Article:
The Queen Charlotte Track, while not an official Great Walk, is considered pretty great by the thousands of walkers and mountain bikers that experience all or part of it each year. But what makes it truly special, is the plethora of partnerships that turn the track from great to awesome…
The 70 kilometre track could almost be considered one of DOC’s original partnerships, with its management involving the Marlborough District Council and 10 private landowners. The landowners are represented by the Queen Charlotte Track Landowners Co-operative who work closely with DOC and Marlborough District Council in maintaining the track.
The landowners were the driving force in creating the track. In the early 1980s the Commissioner of Crown Lands proposed the idea of a track along the Kenepuru Ridge to landowner Rod Eatwell, and much of the work to form the walkway was done by Rod and his neighbours.
By 1985 funding became scarce and parts of the track were closed. Undeterred, the landowners continued to keep the section between Black Rock and Punga Cove free of gorse. The landowners continue today to look at ways of enhancing visitor’s experience, and have provided seats, tables and signs, all in the landowner cooperative’s unique style.
Alongside DOC and the Queen Charlotte Track Landowners Co-operative, sits the QCTInc. This is the marketing arm for track operators who provide accommodation, food, guiding companies and water taxi’s, and they do a fantastic job at promoting the track.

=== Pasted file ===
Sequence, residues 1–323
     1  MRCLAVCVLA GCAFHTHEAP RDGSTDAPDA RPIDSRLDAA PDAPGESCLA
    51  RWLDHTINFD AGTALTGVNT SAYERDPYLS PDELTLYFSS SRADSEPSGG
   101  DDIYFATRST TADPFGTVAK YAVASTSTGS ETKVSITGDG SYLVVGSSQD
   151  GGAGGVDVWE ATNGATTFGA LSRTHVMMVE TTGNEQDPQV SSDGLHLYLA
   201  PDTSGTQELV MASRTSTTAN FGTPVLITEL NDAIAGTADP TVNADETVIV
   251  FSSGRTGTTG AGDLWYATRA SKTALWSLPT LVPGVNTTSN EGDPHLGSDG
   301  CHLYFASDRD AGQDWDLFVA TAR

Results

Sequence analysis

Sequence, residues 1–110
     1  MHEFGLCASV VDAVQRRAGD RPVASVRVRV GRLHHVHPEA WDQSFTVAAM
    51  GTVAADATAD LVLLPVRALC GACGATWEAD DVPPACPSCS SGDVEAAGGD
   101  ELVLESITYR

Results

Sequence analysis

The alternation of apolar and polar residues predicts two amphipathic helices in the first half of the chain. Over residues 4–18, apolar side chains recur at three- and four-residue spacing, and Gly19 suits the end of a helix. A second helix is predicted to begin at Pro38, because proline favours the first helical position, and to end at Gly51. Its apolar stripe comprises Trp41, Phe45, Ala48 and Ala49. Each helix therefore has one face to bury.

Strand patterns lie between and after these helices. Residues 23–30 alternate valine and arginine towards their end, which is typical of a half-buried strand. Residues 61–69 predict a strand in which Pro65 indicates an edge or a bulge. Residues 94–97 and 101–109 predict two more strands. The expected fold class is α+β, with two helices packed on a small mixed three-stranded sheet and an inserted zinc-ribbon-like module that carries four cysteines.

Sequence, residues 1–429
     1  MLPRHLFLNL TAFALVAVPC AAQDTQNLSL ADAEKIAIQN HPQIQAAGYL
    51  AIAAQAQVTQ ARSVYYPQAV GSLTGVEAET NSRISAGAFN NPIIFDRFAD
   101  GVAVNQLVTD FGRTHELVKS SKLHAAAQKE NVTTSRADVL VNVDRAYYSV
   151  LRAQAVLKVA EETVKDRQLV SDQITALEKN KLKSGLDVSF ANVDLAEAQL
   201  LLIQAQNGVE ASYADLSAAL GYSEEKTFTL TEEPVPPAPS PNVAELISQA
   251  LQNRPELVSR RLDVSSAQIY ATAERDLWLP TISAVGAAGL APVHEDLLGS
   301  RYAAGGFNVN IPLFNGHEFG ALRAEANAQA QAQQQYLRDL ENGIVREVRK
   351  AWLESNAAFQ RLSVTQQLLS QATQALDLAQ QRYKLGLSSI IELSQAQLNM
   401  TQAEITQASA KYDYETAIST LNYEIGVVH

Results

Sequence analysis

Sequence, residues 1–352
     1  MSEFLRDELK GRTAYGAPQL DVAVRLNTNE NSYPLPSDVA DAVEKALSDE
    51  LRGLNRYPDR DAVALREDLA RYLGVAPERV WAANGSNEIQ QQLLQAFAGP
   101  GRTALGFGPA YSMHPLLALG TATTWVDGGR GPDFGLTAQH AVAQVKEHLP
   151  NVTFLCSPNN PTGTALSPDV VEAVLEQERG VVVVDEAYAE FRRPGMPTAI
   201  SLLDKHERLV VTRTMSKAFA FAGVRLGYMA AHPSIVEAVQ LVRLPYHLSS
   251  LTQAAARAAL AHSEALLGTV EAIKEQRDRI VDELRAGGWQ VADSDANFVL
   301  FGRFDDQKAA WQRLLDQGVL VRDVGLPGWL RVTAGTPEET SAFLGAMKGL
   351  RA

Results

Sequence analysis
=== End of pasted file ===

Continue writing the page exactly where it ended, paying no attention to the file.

DOC is also currently completing a three-year partnership with Yealands Family Wines who have sponsored $75,000 for interpretation panels and website stories for the track. They have also provided over $30,000 a year from sales of its new ECO wine range to support biosecurity on predator-free islands in the Marlborough Sounds.
The new interpretation project is based on the idea of consultation. Designer Janet Bathgate has come up with a complex jigsaw of stories based around the landscape features people could see from the numerous lookouts along the track. The result is stunning – over 50 stories are carefully interwoven around 3D maps.
Approximately 12000 visitors walk or bike the entire Queen Charlotte Track, and many more visit smaller sections as it travels alongside the Queen Charlotte Sound. These track users probably remain largely oblivious to the intricate relationships that make the track work, but the scenery and assets along the track will provide them with a unique experience they will remember long after the blisters heal.